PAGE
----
Sep 13

The Business of Books: When Academic Research Matters – Jane Cable meets academic Ria Cheyne

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What is your book related job?

I’m an academic (university lecturer) who specialises in genre fiction, particularly the representation of disability in literature. This means that I spend a lot of my time talking with students and colleagues about books, and reading fiction and what other people have written about it. A big part of my job is teaching students and all the administration that goes with that, but another key part is producing new interpretations of or theories about literary texts, which I present at conference and publish in journals and books for other academics. You can see some of my presentations and publications on my website.


What is the most rewarding part of it?

It’s a privilege to be able to spend so much of my time reading, writing, thinking, and talking about books. Teaching is also very rewarding: I love the performance element of lecturing, and it’s immensely satisfying when a student who has struggled finally grasps a key idea or offers a really original insight. Like most academics, I could earn more, and work fewer hours, doing something else—it’s not a job you do unless you’re passionate about it.

Recently, I’ve been working on a new project, the Disability and Romance Project. I’m working with romance readers, writers, and publishers to explore how readers respond to depictions of disability in romance novels, and why authors write disabled characters. I’ve found it really satisfying to work directly with people in the industry, and there’s been a really phenomenal response from the romance community so far, with over 500 people taking part in our survey of romance readers.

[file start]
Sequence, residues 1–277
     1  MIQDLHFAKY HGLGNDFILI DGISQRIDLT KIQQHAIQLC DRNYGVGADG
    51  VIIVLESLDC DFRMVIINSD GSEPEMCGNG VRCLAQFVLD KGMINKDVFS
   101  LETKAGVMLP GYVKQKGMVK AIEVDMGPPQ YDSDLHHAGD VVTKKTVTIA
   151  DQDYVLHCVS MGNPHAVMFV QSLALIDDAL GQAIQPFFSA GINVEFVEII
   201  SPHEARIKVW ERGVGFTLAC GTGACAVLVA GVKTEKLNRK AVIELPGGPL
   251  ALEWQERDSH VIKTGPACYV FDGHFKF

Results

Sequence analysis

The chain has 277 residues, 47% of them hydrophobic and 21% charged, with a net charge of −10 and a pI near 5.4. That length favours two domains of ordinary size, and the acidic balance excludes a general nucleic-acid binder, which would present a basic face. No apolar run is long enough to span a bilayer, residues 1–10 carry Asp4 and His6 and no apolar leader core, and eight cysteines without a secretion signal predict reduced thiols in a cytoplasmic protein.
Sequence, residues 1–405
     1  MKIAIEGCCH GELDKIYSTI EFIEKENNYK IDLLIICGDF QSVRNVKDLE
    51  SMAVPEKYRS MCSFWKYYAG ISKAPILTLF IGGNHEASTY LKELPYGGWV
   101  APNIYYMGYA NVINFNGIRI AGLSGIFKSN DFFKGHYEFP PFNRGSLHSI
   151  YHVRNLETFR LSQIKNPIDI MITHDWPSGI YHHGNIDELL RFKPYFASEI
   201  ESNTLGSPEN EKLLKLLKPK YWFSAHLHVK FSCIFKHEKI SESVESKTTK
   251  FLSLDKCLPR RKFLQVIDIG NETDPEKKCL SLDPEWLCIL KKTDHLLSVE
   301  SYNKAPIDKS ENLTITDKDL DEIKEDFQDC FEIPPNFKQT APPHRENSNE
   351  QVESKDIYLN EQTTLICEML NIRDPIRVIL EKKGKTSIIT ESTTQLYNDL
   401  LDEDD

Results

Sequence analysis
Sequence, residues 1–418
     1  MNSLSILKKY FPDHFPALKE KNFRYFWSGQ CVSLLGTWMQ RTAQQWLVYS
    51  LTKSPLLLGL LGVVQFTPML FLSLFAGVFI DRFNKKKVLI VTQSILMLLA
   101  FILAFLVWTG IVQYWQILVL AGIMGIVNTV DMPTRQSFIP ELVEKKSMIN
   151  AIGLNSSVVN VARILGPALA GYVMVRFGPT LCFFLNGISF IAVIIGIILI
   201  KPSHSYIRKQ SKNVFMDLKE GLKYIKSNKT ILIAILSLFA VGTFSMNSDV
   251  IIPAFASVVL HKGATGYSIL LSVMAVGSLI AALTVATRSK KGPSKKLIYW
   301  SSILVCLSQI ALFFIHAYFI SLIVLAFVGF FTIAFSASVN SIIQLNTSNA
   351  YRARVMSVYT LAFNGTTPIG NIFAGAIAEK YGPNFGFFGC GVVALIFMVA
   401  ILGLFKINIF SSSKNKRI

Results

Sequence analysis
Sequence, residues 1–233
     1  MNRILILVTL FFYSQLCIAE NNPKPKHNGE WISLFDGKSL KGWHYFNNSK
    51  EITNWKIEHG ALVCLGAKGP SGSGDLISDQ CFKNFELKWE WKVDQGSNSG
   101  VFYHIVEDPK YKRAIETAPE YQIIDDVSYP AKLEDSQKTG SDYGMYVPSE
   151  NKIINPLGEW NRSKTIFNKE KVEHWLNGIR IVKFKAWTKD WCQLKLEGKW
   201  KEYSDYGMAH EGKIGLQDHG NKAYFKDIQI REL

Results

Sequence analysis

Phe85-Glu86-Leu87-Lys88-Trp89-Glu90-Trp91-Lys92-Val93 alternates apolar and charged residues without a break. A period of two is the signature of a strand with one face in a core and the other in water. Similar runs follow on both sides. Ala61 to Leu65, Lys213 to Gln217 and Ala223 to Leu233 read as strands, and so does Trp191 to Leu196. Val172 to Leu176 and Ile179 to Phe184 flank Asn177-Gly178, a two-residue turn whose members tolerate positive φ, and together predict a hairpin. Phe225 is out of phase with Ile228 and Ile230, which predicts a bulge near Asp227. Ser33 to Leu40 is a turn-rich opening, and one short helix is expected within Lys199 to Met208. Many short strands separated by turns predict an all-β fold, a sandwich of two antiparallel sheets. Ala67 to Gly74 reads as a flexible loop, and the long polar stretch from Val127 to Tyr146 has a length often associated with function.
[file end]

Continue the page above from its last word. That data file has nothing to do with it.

What do you consider to be your major successes?

The academic job market is so over-subscribed at the moment that managing to get a stable academic job has to be considered a big success for anyone in my field – after my PhD I spent several years doing the academic equivalent of temping before I got a permanent position, and lots of people aren’t that fortunate.

More recently, I’ve just finished writing an academic book on the representation of disability in genre fiction, which will be published by Liverpool University Press. It explores how the portrayal of disability in science fiction, fantasy, horror, crime and romance might shape public attitudes towards disabled people, and it’s been a really long-term project; I first had the idea for the book almost ten years ago! I was also really pleased to receive the Romance Writers of America Academic Research Grant for the Disability and Romance Project. It was great to have that confirmation that one of the key organisations for romance values my research.


Have you always loved books, and what are you reading at the moment?

I’ve always loved books, and been a voracious reader. When I was a child I’d switch my light off and pretend I was asleep when my parents came to check on me last thing at night…then put the light back on and read for hours after they went to bed! As usual, I’m reading a mixture of non-fiction academic books and genre fiction. On the non-fiction side, I’m reading Mad at School by Margaret Price, a brilliant book about mental illness and the university system. I’ve just finished The Burial Hour, the latest in Jeffery Deaver’s series of novels about quadriplegic investigator Lincoln Rhyme, and I’ve started Rook Song, a science fiction novel by Naomi Foyle, after really enjoying Astra, her previous novel.


Bio: Ria Cheyne (@riacheyne) researches literature and disability at Liverpool Hope University, where she is a Senior Lecturer in Disability and Education. She runs the Disability and Romance Project – follow on Twitter or Facebook.